Sample Ethics Paper on End of Life in ICU

End of Life in ICU

New devices and drugs have been developed over the years to reduce the adverse effects of diseases at the Intensive Care Unit. An example is the life support machine that helps people to breathe when they cannot do so without its help, thus granting them a chance to recover and breathe on their own. Sometimes, when doctors are convinced that a patient would never recover enough to breathe on his or her own, they advise their closest relatives to take them off the machines and hence let them die. Currently, 90% of the individuals whose life support machines are withdrawn lose their lives (Crippen 23). Zitter states that the high number of deaths is as a result of the complexities of post ICU care (12). In essence, Intensive care medical practitioners bear the role of curing diseases and hence restoring health or function for a long time. Therefore, the notion of granting a dignified death contrary to the role of practitioners, and this creates a moral dilemma on their part.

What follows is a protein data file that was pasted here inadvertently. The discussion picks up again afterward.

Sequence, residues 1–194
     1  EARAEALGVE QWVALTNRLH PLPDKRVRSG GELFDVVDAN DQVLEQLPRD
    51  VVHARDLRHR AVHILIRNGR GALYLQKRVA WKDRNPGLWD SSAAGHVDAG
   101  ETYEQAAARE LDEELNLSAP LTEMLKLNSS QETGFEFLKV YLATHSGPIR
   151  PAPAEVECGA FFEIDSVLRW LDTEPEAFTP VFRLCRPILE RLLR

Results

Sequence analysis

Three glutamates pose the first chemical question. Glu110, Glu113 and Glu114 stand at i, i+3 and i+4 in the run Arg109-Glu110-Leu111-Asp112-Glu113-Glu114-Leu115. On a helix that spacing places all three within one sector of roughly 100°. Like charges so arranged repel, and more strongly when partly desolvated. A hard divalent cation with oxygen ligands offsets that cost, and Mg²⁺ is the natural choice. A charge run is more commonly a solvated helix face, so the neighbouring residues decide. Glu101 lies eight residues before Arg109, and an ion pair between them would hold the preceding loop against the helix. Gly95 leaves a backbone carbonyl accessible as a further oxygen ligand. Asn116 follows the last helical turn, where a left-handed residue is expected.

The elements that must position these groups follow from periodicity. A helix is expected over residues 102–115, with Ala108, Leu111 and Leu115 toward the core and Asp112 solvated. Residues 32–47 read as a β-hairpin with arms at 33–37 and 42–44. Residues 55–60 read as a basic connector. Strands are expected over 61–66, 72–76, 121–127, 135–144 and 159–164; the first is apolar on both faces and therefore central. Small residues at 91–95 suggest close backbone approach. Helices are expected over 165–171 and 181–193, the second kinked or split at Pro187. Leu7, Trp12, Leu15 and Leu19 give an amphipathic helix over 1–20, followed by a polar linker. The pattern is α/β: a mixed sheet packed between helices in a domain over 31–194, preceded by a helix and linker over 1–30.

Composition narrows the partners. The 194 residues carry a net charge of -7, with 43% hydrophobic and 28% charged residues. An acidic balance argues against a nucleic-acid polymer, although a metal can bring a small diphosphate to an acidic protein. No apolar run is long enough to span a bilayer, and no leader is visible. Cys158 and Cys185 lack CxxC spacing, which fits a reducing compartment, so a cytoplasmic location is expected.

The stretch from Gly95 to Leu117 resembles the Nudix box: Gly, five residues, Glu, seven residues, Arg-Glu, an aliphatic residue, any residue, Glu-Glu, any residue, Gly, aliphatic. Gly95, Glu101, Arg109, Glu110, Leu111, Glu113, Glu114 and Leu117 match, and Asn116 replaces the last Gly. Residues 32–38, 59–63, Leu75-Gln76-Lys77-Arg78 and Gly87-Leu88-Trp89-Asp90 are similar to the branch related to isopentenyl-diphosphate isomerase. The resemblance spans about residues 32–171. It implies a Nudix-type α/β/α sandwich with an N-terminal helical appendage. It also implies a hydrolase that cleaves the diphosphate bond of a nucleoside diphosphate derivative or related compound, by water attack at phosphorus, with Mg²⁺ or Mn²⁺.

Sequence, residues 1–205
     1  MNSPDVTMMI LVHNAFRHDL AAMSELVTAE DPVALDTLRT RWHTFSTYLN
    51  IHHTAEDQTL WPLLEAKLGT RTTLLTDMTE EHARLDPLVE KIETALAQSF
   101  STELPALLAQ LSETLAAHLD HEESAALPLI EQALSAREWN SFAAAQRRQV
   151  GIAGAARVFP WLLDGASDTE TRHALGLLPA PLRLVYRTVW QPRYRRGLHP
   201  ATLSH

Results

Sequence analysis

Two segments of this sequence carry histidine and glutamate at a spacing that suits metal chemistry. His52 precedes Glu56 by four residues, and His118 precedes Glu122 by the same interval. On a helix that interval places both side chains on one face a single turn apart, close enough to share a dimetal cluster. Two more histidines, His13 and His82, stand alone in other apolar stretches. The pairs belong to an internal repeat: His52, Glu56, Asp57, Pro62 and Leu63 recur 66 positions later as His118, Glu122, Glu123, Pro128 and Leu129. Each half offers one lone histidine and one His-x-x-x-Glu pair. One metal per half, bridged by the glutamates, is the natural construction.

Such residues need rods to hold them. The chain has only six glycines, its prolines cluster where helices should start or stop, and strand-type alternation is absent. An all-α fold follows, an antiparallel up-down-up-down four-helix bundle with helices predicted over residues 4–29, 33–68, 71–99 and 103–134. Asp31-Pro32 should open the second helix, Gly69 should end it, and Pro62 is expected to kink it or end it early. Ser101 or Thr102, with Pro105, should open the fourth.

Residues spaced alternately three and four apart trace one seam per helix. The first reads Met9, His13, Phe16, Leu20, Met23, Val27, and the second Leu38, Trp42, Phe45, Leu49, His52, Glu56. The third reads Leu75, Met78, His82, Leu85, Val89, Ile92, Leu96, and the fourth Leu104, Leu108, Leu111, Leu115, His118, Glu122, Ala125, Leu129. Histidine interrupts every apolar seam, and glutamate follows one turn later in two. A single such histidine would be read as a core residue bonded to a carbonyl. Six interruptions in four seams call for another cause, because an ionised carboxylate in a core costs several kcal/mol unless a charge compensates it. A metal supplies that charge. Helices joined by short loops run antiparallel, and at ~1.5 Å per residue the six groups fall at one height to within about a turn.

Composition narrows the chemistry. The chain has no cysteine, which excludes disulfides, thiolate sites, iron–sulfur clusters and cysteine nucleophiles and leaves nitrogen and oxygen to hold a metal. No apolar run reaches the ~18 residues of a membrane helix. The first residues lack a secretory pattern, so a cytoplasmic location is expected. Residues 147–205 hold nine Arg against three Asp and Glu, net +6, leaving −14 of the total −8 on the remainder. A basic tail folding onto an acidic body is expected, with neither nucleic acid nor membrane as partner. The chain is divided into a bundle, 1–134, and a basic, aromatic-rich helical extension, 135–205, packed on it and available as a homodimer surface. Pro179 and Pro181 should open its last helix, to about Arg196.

Ethically, euthanasia is acceptable because a cure is no longer an option to a particular patient. Therefore, the clinician must offer a painless death considering the agony of the disease. Despite the ethical standards set, legal perspectives vary. In some jurisprudence, if the practitioner is known to have aided a patient to die, the medic may be charged as a criminal (Rocker 72). However, in others, in case patients grant their consent, then a doctor may administer euthanasia without the possibility of being charged in a criminal court (73).  Indeed, individuals suffering from chronic illnesses have a right to die if life is a physical, financial, and psychological burden to them. This right ought to be protected by the law, consequently allowing practitioners to offer the best possible means to death.


Works Cited

Crippen, David. End-of-life Communication in the Icu: A Global Perspective. New York: Springer, 2015.

Rocker, Graeme. End of Life Care in the Icu: From Advanced Disease to Bereavement. Oxford: Oxford University Press, 2010.

Zitter, Jessica N. Extreme Measures: Finding a Better Path to the End of Life, 2017.